Baraka 1992 ****

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Ron Fricke’s visually stunning documentary has no commentary; it’s a feast of images taken from all over the world, capturing geographical and sociological phenomenon and leaving the audience to gape in wonder and draw their own conclusions. Baraka is a Sufi word for spiritual grace, and Fricke’s film captures just that, from the opening shot of a snow monkey sitting in his rock pool, looking as peaceful and pleasantly bemused as viewers will be watching the cavalcade of volcanoes, mines, monasteries, dances, tribal rituals and various other ephemera. Baraka is a mood piece, investigating the lesser-seen riches of the world, and one best enjoyed in the highest definition possible.

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Grizzly Man 2005 ***

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Not all of Werner Herzog’s documentary ideas are fun to watch; his 2005 doc The Wild Blue Yonder has audiences queuing at the exits when screened at the Venice Film festival. But Grizzly Man shows the maverick director at his best, patiently and idiosyncratically telling the moving story of Timothy Treadwell, an environmentalist who set out to live with grizzly bears, a species with which he had a keen affinity. Unfortunately for Treadwell, the feeling was not mutual, and he ended up being killed by the creatures he loved. Herzog narrates in his own voice, his off-kilter tones adding a layer of humour to what could easily be a downbeat story; Treadwell comes off as a well-meaning but naïve individual, a perfect hero for this absorbing portrait of a man whose passion for nature led him to extremes of behaviour, and to a sad demise.

Secret Disco Revolution 2012 ***

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Writer and director Jamie Kastner scours through the sparkling dumpster of archive disco footage and pulls together a slight but fascinating picture of the era, a time when music was hot stuff and clubs were pumping out a vibrant, glitzy sound that made an indelible cultural mark before fading away into other genres. With interview subjects from Thelma Houston to a reluctant Village People, who seem rather suspicious of the film-maker’s motives, the artists seems far less enamoured of the period that the scholars who Kastner enlists to tell the story; their high-brow theories seem at odds with the rather more practical experiences of music industry veterans. Secret Disco Revolution works best as a cinematic juke-box, showcasing a number of notable disco hits, and a few rarities that should have fans of the era reaching for their Spotify playlists.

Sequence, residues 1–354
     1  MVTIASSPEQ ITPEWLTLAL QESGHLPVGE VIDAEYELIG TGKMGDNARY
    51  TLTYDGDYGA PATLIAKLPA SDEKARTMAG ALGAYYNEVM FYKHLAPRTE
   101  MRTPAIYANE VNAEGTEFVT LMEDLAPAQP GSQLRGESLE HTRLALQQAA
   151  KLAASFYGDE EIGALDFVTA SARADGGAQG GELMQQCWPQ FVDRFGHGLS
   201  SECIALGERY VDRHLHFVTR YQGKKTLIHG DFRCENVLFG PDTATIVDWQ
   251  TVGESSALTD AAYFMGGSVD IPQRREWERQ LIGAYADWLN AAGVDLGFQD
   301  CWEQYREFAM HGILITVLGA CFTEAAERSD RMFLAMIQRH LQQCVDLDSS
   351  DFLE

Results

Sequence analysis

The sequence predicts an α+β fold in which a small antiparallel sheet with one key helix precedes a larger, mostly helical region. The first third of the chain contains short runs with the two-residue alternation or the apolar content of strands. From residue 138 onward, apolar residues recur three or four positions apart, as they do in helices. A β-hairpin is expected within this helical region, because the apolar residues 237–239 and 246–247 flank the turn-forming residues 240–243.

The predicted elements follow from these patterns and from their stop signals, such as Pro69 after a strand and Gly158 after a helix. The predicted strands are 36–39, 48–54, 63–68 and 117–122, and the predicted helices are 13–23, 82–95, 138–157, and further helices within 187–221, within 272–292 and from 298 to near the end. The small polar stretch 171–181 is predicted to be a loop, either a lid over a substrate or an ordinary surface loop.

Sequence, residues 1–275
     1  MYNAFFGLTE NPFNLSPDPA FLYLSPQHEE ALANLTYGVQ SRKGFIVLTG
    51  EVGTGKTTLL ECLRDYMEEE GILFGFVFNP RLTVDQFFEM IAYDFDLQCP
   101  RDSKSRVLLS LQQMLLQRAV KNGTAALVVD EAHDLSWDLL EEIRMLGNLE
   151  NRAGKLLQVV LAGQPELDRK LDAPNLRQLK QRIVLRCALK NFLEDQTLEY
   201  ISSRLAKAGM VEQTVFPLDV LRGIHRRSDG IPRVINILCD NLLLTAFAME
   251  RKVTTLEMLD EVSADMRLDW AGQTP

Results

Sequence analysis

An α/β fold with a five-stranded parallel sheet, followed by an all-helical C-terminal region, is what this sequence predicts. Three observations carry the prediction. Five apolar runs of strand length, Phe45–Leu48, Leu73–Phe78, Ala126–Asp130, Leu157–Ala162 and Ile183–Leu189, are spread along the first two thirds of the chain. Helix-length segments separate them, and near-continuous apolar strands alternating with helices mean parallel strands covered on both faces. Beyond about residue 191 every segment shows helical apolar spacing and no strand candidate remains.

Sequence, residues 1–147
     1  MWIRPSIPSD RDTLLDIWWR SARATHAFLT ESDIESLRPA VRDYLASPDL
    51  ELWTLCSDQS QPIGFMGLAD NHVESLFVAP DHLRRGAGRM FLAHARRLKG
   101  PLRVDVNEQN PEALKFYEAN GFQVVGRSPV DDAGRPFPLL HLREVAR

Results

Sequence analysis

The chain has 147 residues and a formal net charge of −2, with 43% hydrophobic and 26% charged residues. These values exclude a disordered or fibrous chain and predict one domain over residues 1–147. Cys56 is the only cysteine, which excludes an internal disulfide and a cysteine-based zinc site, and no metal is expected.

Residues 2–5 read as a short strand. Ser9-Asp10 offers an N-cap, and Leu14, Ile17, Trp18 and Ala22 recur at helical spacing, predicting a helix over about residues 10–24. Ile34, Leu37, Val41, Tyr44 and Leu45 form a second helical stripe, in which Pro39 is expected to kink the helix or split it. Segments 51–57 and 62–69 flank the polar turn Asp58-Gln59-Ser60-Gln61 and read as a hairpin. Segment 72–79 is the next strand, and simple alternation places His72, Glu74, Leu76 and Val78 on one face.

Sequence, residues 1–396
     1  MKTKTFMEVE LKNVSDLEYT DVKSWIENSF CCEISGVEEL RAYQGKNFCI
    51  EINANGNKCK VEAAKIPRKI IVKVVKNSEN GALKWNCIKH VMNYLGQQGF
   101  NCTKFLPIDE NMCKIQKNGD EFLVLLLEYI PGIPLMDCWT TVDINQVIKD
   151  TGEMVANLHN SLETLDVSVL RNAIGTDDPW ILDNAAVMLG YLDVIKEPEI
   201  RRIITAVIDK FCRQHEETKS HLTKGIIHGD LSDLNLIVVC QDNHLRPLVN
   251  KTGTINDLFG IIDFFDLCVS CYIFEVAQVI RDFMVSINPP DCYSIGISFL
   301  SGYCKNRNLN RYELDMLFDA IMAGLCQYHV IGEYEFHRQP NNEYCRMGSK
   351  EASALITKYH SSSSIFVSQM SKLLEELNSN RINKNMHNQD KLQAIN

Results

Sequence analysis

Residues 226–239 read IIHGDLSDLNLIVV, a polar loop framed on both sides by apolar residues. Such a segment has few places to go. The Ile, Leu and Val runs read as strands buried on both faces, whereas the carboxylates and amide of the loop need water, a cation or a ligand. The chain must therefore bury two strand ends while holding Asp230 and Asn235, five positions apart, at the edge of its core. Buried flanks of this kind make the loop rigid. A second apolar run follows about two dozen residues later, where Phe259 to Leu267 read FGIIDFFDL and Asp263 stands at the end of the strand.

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Zidane: A 21st Century Portrait 2006 ****

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Artist Douglas Gordon teams up with Phillipe Parenno for this art-installation piece, a feature film documentary in which, through a multi-camera system, a football match between Real Madrid and Villareal is shown from the point of view of one man ; Zinedine Zidane. With a throbbing soundtrack by Mogwai, and occasional but unimportant subtitles to reveal the thoughts of the great man, there’s no conventional narrative here, but if you can get into the swing, Zidane is a film that captures the idea of work like few others. As Zidane huffs and puffs in off-the-ball runs, it suddenly becomes apparent that the game feels very different than when seen on television, and reveals the amount of work it requires to provoke the seconds of activity that chance the course of the game’s destiny. The experiment was done before with George Best, but this version has a mood and energy of its own.